Posted on October 26, 2012 - by Annie Johnson
It has been far too long between Turf Times publications, and although there are many, we will spare you the excuses (for it’s actually one of our mottos): Never make excuses, which comes second only to History is written by the victors. We have not stopped our research about America’s first national pastime, for there is enough to fill a book, and that’s what we’ve been embroiled in—the writing of a book. While Turf Times postings won’t be weekly as they once were, please check back regularly for future articles.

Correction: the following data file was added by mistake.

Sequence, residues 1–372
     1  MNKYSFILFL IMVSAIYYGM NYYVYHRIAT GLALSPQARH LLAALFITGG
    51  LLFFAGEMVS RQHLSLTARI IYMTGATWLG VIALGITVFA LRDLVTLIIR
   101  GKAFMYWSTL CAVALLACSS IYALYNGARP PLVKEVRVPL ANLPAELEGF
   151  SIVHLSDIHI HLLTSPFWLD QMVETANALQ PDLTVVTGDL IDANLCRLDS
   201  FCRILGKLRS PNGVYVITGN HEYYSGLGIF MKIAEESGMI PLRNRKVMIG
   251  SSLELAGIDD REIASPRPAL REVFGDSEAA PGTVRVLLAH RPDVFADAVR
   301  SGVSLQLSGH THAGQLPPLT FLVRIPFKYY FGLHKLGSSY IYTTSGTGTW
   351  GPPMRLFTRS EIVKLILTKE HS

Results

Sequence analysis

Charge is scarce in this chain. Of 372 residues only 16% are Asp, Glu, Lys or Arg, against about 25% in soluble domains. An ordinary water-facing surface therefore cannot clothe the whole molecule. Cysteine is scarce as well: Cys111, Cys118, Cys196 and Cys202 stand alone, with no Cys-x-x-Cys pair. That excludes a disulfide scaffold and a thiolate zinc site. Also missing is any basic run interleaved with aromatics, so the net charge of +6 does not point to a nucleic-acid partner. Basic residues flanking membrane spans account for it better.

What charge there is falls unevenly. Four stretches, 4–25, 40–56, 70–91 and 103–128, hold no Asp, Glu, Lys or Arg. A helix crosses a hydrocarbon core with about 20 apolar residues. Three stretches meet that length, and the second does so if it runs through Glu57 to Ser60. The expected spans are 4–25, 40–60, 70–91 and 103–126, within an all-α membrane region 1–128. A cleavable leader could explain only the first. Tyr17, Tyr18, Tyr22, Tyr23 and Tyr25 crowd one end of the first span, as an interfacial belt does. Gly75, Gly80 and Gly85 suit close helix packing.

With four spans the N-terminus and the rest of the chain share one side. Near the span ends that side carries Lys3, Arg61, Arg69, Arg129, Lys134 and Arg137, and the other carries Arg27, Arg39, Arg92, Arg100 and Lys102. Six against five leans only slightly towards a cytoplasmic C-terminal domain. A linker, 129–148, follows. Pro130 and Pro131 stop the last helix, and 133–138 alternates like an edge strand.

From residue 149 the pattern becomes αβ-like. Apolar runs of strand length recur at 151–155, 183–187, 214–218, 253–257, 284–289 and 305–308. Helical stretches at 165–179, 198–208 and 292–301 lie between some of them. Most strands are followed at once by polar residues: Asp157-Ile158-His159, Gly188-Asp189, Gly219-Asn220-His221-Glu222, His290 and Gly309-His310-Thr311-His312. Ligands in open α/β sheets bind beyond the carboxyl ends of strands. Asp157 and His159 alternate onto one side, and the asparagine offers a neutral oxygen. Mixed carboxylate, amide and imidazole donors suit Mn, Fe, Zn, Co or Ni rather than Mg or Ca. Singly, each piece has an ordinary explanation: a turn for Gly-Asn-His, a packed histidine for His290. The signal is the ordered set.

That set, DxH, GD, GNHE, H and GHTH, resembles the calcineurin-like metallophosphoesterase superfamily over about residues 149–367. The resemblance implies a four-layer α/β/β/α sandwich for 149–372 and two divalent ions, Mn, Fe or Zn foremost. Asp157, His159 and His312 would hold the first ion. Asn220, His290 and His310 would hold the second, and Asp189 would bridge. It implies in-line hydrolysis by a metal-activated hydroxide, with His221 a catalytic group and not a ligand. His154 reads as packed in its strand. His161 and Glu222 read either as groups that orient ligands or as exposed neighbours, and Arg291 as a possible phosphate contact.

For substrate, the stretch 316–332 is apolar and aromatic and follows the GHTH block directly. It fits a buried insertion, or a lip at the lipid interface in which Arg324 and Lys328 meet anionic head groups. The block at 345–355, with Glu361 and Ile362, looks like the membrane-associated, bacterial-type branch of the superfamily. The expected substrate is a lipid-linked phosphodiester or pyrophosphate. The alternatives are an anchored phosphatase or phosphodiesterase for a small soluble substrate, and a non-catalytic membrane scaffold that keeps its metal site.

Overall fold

So without further excuses, and in honor of next week’s Breeders’ Cup World Championships, we’re going to revisit one from the Turf Times vault—a riveting tale in four parts, the story of the 1823 Great Match Race between the North and South.
This regional match-up was so highly anticipated by the American people that it drew an estimated 60,000 fans (20,000 of whom traveled from the South) to Long Island’s Union Course. Imagine this scene of nearly two centuries ago at the Union—“Booths erecting, Flags Flying, Pigs roasting, Fiddlers tuning, and all dust and confusion”—as the masses gathered to witness the race, this 19th century crowd rivaling the attendance numbers of one Breeders’ Cup day!
And now we present—The Great Match Race between the North and South. Click here for Part I., and you will find the link to each subsequent part in the series at the end of each article.
Editor, Antebellum Turf Times
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